Home Forums

    • Forum
    • Topics
    • Posts
    • Last Post

Drivers will pay less for gas this July 4th than last year, despite a recent rise in prices

Gasoline prices could continue to rise into the weekend, as the East Coast market adjusts to the loss of the Philadelphia refinery, which was 27% of the region’s refining capacity. But even with anticipated price increases, the national average price likely peaked in May at $2.89 per gallon, he said. Another factor in the recent rise in gasoline prices was the jump in crude oil in the past several weeks, in part the result of tensions in the Middle East. “The Fourth of July weekend is here, gaso


Gasoline prices could continue to rise into the weekend, as the East Coast market adjusts to the loss of the Philadelphia refinery, which was 27% of the region’s refining capacity. But even with anticipated price increases, the national average price likely peaked in May at $2.89 per gallon, he said. Another factor in the recent rise in gasoline prices was the jump in crude oil in the past several weeks, in part the result of tensions in the Middle East. “The Fourth of July weekend is here, gaso
Drivers will pay less for gas this July 4th than last year, despite a recent rise in prices Cached Page below :
Company: cnbc, Activity: cnbc, Date: 2019-07-02  Authors: patti domm
Keywords: news, cnbc, companies, 4th, prices, pay, price, recent, gas, raised, drivers, refinery, cents, gallon, despite, average, tax, taxes, gasoline, rise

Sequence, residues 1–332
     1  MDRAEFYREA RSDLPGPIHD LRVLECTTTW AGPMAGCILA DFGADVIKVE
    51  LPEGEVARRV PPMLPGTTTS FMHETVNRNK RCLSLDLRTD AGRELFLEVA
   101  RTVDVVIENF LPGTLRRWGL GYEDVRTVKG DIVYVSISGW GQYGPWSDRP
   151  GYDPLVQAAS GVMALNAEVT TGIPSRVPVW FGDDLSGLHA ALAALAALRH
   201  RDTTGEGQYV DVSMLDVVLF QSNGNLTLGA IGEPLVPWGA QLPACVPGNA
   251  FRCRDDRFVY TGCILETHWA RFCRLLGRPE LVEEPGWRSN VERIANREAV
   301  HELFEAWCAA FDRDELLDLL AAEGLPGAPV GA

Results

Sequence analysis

Drivers will pay less for gas this July 4th than last year, despite a recent rise in prices

Drivers should pay about a dime less per gallon for gasoline over the Fourth of July holiday than last year, even with a major refinery outage and new taxes in about a dozen states.

A record 41.4 million people are expected to travel on the nation’s roadways over the long holiday weekend, an increase of 4% from 2018, according to AAA, and even with the shutdown of the largest East Coast refinery, gasoline should be plentiful.

Since the June 21 blast halted operations at Philadelphia Energy Solutions’ 335,000 barrel refinery, the national average for gasoline has risen by about 7 cents per gallon of unleaded to about $2.73 per gallon. The national average on the holiday weekend last year was $2.85 per gallon.

Gasoline prices could continue to rise into the weekend, as the East Coast market adjusts to the loss of the Philadelphia refinery, which was 27% of the region’s refining capacity. The refinery is scheduled for permanent shutdown, and the shortfall is expected to be made up by shipments from Europe and Canada, and also more gasoline coming via pipeline from the Gulf Coast.

“You might get a nickel or dime higher in some places. People aren’t going to see sticker shock,” said Tom Kloza, head of global energy analysis at the Oil Price Information Service. “Globally, there’s a little too much gasoline.”